December 21 Update: I have expanded my search to include women’s vocations as deacons & deaconesses, not just priests & bishops!
Hello Farrell Scholars!
In 2013-14 I will be exploring the intersection of gender, vocation, and human dignity in my Master’s essay for John Carroll University. To help me in my research I am looking for women’s first person accounts of their experiences discerning vocation to the diaconate or priesthood.
My inspiration has been Canon Ginnie Kennerly’s book Embracing Women: Making History in the Church of Ireland. Though I am primarily interested in women deacons, priests and bishops in the Church of Ireland, I am also seeking accounts (translated into English) from any woman who has experienced these vocations within the Anglican Communion. I’m also interested in women’s experiences in the Roman Catholic tradition as a counterpoint: what happens when the vocation is not officially recognized? This could take the form of books, blogs, stories, newspaper articles, films or videos, or just names of women with social media accounts.
My rough hypothesis at this point is that 1) woman are responding to God’s call to serve as deacons and presbyters, and 2) that women’s experience of human dignity is impacted by the rhetoric and tone of discussion about their ordination within their religious congregations. The Church of Ireland is a really interesting case precisely because Irish people are not world renown for excellence in non-violent conflict resolution, particular in matters of religion. However, in 1984 women were admitted to consideration for the diaconate, and in 1990 for the priesthood and episcopacy in the Church of Ireland with no resulting separation in the church. Women have been trained, ordained, and serve in these roles with dignity. In fact, the Church of Ireland has seen demographic growth in recent years. I am currently exploring the theological and rhetorical arguments used within the Anglican communion (and my own Roman Catholic Church since we have the same theology of Eucharistic transubstantiation) regarding women’s vocation & ordination to these roles. Though far from perfect, I think the story (or stories) of women’s ordination in the Church of Ireland would be interesting to compare to the experiences of other women who experience a call to specific vocations in their churches & request their consideration by the hierarchy.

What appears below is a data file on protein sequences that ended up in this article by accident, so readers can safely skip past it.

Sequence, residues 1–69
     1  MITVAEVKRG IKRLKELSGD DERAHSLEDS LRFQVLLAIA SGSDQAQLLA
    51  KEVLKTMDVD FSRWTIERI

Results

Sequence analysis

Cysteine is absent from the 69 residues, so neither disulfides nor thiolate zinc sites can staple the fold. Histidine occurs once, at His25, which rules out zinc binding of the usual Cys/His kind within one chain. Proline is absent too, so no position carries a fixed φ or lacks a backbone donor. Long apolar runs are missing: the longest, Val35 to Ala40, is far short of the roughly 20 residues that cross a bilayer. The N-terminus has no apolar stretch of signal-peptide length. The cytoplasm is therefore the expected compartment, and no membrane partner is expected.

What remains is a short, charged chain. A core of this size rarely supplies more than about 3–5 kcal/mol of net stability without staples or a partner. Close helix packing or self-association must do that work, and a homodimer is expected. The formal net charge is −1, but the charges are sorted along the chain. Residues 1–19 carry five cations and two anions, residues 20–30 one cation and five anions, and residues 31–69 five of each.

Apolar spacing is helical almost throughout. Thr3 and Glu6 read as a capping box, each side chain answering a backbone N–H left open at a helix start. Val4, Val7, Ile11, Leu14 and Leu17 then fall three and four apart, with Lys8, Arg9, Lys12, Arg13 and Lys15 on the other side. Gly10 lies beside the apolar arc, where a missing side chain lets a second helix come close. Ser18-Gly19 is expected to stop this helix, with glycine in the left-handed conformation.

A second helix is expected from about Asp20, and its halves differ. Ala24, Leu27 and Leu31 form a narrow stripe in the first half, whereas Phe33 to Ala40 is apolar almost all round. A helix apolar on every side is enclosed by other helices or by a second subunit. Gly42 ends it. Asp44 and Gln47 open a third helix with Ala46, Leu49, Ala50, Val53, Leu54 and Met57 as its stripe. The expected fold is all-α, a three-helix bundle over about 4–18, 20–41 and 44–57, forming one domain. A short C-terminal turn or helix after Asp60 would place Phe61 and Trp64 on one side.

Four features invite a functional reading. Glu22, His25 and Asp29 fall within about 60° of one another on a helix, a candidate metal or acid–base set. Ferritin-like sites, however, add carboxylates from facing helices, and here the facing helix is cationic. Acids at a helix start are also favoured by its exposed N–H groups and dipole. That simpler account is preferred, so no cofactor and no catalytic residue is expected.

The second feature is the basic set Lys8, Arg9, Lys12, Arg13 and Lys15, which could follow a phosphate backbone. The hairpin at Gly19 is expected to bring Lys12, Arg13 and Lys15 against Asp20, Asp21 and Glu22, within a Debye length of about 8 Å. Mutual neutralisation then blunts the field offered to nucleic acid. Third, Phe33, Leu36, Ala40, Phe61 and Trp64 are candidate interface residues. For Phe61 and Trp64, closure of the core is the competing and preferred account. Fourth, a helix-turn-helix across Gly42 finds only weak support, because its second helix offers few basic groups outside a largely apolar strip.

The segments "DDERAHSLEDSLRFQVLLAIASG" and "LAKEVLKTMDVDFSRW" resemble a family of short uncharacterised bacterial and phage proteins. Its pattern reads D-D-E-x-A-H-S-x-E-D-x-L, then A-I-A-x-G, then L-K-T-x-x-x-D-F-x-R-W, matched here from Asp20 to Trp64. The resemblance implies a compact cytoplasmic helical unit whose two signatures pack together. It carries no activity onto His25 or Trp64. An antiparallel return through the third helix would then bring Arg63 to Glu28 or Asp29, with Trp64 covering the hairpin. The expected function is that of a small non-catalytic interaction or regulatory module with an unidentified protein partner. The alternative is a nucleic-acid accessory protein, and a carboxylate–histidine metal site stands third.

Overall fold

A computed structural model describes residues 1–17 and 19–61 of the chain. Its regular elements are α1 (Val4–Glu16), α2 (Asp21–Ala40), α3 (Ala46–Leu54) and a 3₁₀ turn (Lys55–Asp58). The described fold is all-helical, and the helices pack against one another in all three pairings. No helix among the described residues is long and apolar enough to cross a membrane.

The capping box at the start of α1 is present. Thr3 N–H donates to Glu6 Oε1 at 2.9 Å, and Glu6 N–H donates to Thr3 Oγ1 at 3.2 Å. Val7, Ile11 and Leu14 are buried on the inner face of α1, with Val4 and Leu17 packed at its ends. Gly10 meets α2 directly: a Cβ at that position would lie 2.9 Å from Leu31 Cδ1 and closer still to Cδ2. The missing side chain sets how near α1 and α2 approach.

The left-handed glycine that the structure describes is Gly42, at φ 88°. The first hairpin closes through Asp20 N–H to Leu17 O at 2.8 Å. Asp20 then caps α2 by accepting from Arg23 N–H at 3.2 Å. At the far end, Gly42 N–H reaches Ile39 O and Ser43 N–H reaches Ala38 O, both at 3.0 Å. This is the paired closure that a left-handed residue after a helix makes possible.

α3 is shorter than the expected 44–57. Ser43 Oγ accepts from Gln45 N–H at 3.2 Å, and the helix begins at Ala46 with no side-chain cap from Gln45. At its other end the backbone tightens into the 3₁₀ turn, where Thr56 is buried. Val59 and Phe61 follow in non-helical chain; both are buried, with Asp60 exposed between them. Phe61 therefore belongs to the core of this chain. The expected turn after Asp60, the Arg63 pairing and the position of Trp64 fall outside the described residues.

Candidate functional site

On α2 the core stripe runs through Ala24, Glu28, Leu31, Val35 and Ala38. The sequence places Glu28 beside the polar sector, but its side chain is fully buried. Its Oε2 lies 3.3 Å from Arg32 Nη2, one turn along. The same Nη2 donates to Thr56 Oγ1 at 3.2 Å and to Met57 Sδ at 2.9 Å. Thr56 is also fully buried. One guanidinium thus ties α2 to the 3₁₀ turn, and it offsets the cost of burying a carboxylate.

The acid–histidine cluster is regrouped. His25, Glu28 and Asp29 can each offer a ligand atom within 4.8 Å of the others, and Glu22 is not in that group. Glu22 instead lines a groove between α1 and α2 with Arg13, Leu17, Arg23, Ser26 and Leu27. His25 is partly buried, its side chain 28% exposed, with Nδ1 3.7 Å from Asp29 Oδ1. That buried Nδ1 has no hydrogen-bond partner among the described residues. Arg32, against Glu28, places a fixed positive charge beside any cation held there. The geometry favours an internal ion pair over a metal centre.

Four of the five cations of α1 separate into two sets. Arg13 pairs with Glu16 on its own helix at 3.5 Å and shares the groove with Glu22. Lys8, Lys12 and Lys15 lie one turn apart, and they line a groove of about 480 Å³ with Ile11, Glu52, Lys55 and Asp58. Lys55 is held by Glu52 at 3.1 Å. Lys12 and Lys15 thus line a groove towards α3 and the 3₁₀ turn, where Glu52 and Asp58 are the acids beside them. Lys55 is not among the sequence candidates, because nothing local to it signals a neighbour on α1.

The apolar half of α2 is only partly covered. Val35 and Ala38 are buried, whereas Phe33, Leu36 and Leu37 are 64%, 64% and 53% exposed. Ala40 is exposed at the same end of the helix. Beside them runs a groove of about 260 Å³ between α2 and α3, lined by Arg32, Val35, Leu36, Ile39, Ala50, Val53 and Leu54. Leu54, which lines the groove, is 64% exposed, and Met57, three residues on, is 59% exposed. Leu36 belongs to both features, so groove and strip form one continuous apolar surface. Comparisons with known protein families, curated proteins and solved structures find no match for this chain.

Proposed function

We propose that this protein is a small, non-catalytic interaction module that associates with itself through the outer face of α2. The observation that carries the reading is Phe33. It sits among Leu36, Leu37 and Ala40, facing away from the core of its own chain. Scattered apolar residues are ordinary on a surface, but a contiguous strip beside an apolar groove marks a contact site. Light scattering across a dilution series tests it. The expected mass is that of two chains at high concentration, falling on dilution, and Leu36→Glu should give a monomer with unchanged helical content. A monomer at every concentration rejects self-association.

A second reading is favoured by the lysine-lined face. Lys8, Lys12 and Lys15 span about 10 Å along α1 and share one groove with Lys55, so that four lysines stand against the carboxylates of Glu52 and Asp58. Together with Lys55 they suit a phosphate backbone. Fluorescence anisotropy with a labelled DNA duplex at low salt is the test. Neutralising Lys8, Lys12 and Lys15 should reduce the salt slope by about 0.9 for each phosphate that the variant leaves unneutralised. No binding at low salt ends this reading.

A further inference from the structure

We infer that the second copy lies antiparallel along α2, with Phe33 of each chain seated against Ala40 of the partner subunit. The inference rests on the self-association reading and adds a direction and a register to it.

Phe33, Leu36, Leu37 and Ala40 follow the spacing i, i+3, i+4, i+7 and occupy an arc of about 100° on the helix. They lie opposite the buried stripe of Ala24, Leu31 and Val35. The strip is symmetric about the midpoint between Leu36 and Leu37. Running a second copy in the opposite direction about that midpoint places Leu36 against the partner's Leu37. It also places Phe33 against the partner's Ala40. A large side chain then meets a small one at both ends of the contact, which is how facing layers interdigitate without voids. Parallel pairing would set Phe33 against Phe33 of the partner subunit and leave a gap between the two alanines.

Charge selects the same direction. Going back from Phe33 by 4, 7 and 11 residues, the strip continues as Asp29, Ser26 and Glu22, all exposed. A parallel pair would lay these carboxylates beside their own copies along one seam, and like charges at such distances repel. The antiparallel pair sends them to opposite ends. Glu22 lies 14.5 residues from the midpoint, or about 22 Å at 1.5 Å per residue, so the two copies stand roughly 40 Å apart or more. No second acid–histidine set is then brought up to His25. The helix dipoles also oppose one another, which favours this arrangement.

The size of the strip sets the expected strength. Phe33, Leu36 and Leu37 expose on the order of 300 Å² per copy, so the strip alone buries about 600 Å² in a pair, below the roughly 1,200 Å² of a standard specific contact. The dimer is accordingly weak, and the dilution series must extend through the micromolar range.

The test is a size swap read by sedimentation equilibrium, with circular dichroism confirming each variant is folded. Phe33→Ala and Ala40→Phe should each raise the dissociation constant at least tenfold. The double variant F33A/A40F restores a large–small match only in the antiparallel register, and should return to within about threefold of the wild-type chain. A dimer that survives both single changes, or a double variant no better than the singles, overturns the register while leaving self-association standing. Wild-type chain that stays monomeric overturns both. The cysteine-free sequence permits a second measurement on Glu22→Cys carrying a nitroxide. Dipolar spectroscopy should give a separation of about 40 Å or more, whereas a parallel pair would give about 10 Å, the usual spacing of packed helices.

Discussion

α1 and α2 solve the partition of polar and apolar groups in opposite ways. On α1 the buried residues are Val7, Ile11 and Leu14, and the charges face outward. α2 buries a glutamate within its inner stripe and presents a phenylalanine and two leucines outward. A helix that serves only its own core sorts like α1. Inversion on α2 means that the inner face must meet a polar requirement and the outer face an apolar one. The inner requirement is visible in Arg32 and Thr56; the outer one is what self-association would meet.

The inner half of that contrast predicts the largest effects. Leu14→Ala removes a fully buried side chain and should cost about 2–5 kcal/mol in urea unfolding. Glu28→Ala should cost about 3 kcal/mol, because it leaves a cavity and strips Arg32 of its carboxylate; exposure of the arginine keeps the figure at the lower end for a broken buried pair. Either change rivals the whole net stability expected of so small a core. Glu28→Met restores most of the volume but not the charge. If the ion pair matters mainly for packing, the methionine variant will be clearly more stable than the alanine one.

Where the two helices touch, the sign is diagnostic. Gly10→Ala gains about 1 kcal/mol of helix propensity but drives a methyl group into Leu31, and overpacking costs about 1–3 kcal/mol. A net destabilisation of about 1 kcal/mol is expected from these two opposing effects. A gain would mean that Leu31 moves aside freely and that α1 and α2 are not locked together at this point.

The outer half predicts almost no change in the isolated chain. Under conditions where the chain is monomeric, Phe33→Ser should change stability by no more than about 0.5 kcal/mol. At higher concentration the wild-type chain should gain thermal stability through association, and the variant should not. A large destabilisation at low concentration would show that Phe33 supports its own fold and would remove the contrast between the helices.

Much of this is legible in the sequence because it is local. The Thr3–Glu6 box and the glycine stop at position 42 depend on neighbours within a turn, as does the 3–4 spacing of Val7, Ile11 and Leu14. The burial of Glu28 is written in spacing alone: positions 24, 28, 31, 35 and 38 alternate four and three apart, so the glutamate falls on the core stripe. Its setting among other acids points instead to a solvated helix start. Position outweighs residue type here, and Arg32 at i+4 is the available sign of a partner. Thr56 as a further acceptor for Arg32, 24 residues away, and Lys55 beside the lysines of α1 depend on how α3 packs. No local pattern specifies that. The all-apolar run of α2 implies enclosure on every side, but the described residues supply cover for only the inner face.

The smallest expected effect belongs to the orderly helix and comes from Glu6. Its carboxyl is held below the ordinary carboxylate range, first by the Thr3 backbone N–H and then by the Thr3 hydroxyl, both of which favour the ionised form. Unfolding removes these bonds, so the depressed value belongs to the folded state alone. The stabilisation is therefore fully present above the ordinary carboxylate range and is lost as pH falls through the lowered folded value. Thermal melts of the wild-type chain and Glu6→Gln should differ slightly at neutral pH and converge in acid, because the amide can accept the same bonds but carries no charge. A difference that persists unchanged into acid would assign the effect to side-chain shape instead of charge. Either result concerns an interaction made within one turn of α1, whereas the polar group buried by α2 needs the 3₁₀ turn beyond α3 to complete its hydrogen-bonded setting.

Do you have any suggestions of books, blogs, videos, or people I should check out? Please comment below or email me, add links if possible, and please leave your email address so I can contact you if I need more information. Thanks for all your help, and please share with others!!!
You must log in to post a comment.